Rape: forced sexual intercourse, including vaginal, anal, or oral penetration. Penetration may be by a body part or an object. Rape victims may be forced through threats or physical means. In about 8 out of 10 rapes, perpetrators don’t use any weapon other than physical force. Anyone may be a victim of rape: women, men or children, straight or gay.
Acquaintance Rape: involves coercive sexual activities. These occur without a person’s consent or against a person’s will. Perpetrators can use force, violence, coercion, or fear of bodily injury. These sexual activities are imposed upon them by someone they know (a friend, date, acquaintance, etc.).
Child Sexual Abuse: sexual contact by force, trickery, or bribery where there is an imbalance in age, size, power, or knowledge.
Dating and domestic violence: any act, attempt, or threat of force by a family member or intimate partner against another family member. Dating and domestic violence occurs in all socioeconomic, educational, racial, and age groups. Issues of power and control are at the heart of family violence. The batterer uses acts of violence and a series of behaviors to gain power and control.
Drug facilitated assault: when drugs or alcohol compromise an individual’s ability to consent to sexual activity. Perpetrators use drugs and alcohol to minimize the victim’s ability to resist and their memories of the assault. Alcohol remains the most commonly used substance in sexual crimes. However, perpetrators us other substances, too, including: Rohypnol, GHB, GBL, etc.
Hate Crime: the victimization of an individual based on that individual’s race, religion, national origin, ethnic identification, gender, or sexual orientation. Any targeted group can experience rape and sexual assault as a form of hate crime. However, there are two groups that experience higher rates of sexual violence as a hate crime.
- Women: Many believe that all violence against women, including rape and sexual assault, is a hate crime because it is not simply a violent act, but is “an act of misogyny, or hatred of women” (Copeland & Wolfe, 1991).
- People in the LGBT Community: Members of the lesbian, gay, bisexual, and transgender (LGBT) communities are often targets of hate crimes, many of which include rape or sexual assault.
Incest: sexual contact between persons who are so closely related that their marriage is illegal (e.g., parents and children, uncles/aunts and nieces/nephews, etc.). This usually takes the form of an older family member sexually abusing a child or adolescent. Many experts consider incest to be a particularly damaging form of sexual abuse. This is because individuals whom the victim trusts and depends on are the perpetrators. In addition, there is often a lack of familial support. There is even sometimes pressure to keep silent from family members because they fear the family will disintegrate if the truth comes out.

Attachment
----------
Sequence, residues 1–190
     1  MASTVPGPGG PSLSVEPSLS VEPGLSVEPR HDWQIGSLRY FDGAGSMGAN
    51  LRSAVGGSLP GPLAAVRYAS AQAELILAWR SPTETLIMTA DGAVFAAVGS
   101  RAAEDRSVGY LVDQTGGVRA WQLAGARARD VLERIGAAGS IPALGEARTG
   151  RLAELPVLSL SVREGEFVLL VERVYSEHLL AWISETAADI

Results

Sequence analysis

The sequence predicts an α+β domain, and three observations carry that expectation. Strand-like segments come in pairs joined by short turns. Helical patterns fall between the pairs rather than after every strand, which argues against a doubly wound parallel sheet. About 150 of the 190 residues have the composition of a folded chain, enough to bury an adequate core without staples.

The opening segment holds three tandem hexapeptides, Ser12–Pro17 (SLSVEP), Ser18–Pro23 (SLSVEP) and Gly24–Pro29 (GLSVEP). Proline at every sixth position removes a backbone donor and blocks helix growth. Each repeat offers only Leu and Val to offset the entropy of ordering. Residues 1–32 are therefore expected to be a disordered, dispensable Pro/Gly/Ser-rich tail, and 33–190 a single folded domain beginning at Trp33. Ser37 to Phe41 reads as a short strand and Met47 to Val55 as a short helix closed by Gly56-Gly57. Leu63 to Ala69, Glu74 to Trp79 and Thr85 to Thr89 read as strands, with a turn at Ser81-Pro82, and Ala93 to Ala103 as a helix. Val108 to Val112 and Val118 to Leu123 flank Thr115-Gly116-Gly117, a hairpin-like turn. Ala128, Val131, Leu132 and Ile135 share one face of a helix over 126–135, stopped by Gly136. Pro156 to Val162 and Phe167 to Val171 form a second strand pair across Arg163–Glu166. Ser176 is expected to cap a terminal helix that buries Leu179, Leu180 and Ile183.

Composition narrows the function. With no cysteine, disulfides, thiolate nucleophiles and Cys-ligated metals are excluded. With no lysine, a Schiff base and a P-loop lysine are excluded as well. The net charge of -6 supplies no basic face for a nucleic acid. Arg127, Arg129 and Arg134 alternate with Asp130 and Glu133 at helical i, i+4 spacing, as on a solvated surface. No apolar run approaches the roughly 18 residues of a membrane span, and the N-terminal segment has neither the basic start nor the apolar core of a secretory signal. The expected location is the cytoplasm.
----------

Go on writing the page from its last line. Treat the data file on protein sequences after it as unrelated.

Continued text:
Male Sexual Assault: male victims of sexual assault are an often forgotten population–unseen, neglected, and underserved
Partner Rape: sexual acts committed without a person’s consent and/or against a person’s will when the perpetrator is the individual’s current partner or previous partner (married or not), or co-habitator. Many times, there is not any physical violence associated with sexual assault, but that doesn’t mean that it does not happen. Many survivors also experience battering or severe physical violence along with sexual violence.
Sexual exploitation by a helping professional: sexual contact of any kind between a helping professional (doctor, therapist, teacher, priest, professor, police officer, lawyer, etc.) and a client/patient.
Sexual harassment: unwelcome sexual advances, requests for sexual favors, and other verbal or physical conduct of a sexual nature. With harassment, submission to or rejection of such conduct explicitly or implicitly affects an individual’s work or school performance. It also creates an intimidating, hostile, or offensive work or school environment.
- Quid pro quo- When a perpetrator makes conditions of employment contingent on the victim providing sexual favors. This type of harassment is less common.
- Hostile environment- When unwelcome, severe and persistent sexual conduct on the part of a perpetrator creates an uncomfortable and hostile environment (e.g. jokes, lewd postures, leering, inappropriate touching, rape, etc.). This type of harassment constitutes up to 95% of all sexual harassment cases.
Stalking: occurs when an individual follows a pattern of behavior that leaves someone else feeling afraid, nervous, harassed, or in danger.
Stranger Rape: occurs when there has been no prior contact between a perpetrator and survivor. There are 3 major categories:
- Blitz sexual assault- The perpetrator rapidly and brutally assaults the victim with no prior contact. Blitz assaults usually occur at night in a public place.
- Contact sexual assault- The suspect contacts the victim and tries to gain her or his trust and confidence before assaulting her or him. Contact perpetrators pick their victims in bars or lure them into their cars. In general, they perpetrator tries to coerce the victim into a situation where they can then take advantage.
- Home invasion sexual assault- When a stranger breaks into the victim’s home to commit the assault.